For several days now, I?ve been in a running argument with an individual who goes by the name of ?On Lawn? over in the comments sections of the blog ran by anti-gay equality group National Organization for Marriage. In several comments here, here, and here, this person seems to imply that procreation, or at least the potential for procreation, is a requirement of marriage. I?ve tried several times to get this person to explain this concept but they keep brushing off the question calling it absurd. When I tried to point out that there is no link between marriage and procreation they came back with this.
Well, there shows the damage they want to do to the institution. If marriage can?t look equally at the interests of all involved in the practice of human mating, then you tell me what can.
Prehistoric humans didn?t marry before they mated, they just found a bush did it. When you look at the whole of human history, marriage is a relatively new creation, only being a few thousand years old. Our very existence proves that marriage is not a requirement or an essential element of the human mating process.
Yesterday in the senate we saw more of the political playground in action as Senators play king of the hill over power, using the lives of gay American servicemen and women as pawns. The vote on the cloture for the Defense appropriations bill, which included language for the repeal of of the horrendous military policy of Don?t Ask Don?t Tell which forces gay solders to lie to their fellows and their officers, failed on a vote of 56-43.
No Republicans voted for the bill while 3 Democrats, including Harry Reid voted against it. Reid?s, vote of course was a procedural one so that the bill could be brought up again later. And while many in the LGBT community are trying to lay the blame entirely at the feet of Republicans, they seem to have ignored the events leading up to the vote.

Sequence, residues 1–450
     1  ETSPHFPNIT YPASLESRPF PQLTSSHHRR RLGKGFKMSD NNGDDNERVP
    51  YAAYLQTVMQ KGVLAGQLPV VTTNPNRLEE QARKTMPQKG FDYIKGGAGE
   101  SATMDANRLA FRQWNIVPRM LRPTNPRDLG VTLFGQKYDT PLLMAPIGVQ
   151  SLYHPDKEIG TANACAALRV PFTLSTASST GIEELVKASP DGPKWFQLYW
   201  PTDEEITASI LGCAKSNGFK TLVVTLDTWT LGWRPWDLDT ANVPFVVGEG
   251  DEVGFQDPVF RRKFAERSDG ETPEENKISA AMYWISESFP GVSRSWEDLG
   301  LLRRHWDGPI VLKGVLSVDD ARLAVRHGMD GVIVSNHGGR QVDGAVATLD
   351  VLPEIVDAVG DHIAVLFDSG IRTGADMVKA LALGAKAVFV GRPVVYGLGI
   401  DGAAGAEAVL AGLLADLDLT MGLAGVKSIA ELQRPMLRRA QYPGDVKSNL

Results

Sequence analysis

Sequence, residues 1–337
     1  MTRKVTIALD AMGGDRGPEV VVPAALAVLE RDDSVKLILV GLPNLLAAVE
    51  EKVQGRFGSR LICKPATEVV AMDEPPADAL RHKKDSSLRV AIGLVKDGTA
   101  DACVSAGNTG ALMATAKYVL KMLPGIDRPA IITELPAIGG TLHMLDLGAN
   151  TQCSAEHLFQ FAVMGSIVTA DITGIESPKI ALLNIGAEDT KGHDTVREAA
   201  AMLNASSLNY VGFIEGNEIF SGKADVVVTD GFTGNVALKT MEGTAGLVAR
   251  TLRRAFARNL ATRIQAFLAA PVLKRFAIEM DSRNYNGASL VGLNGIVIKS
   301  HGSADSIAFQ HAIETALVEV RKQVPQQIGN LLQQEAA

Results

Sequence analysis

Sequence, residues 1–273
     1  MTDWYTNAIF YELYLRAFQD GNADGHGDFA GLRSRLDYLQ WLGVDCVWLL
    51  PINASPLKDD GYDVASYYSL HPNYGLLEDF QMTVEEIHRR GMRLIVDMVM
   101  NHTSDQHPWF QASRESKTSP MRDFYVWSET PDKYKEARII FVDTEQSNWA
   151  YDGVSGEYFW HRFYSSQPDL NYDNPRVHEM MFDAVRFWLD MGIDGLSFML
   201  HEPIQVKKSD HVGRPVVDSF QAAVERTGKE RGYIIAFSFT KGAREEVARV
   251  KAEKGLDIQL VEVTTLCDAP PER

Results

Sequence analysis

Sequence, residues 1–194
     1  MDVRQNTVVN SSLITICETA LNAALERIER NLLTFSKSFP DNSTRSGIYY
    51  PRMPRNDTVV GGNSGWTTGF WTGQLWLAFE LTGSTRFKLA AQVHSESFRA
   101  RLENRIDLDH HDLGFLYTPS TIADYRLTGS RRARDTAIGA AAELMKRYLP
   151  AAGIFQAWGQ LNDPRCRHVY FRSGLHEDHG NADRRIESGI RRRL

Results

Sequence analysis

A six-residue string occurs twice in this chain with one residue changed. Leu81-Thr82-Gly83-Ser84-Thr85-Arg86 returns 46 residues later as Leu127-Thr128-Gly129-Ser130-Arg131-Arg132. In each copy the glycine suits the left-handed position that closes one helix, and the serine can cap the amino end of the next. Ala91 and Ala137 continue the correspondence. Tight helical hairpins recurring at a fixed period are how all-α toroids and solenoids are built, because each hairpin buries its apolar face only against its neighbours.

Jim Barroway of Box Turtle Bulletin explains?
In the days leading up to today?s vote, Reid announced that he would allow a vote on only three amendments to the appropriations bill.
Those were the only amendments that Reid would allow to come up for a vote, all of which were chosen by Reid for the political advantage they would give the Democrats in tough mid-term election campaigns. His gamble wasn?t really a gamble at all. In fact, his gambit was a win-win for Democrats, at least in how they see their strategy unfolding. If Republicans upheld the filibuster, then Reid could go home and say that it was the Republicans who blocked DADT?s repeal and immigration reform. If the Dems had prevailed on the filibuster, then Reid would have been able to get the Republican caucus on record on these two issues ahead of the November elections. Either way, what Reid actually sought to accomplish was political gamesmanship, not Senatorial statesmanship.
The Republican caucus insisted that they be allowed to bring proposed amendments up for a vote as well, a reasonable demand that in ordinary times would not have raised an eyebrow. But these are not ordinary times. Votes in the Senate aren?t about actually doing anything but positioning for the elections. I don?t know what amendments Republicans wanted votes on, but they were undoubtedly just as politically divisive as Reid?s chosen amendments. But by not even allowing debate on a very limited number of those other amendments, Reid doomed DADT?s repeal until after the election.
The LGBT community needs to take off the blinders and realize that neither party is looking out for us and that our equality will never come by way of a vote. The Republicans continue to let their party be highjacked by social conservatives who seem intent on eliminating anyone that doesn?t follow their religious doctrine, while Democrats are just using us for cash and votes.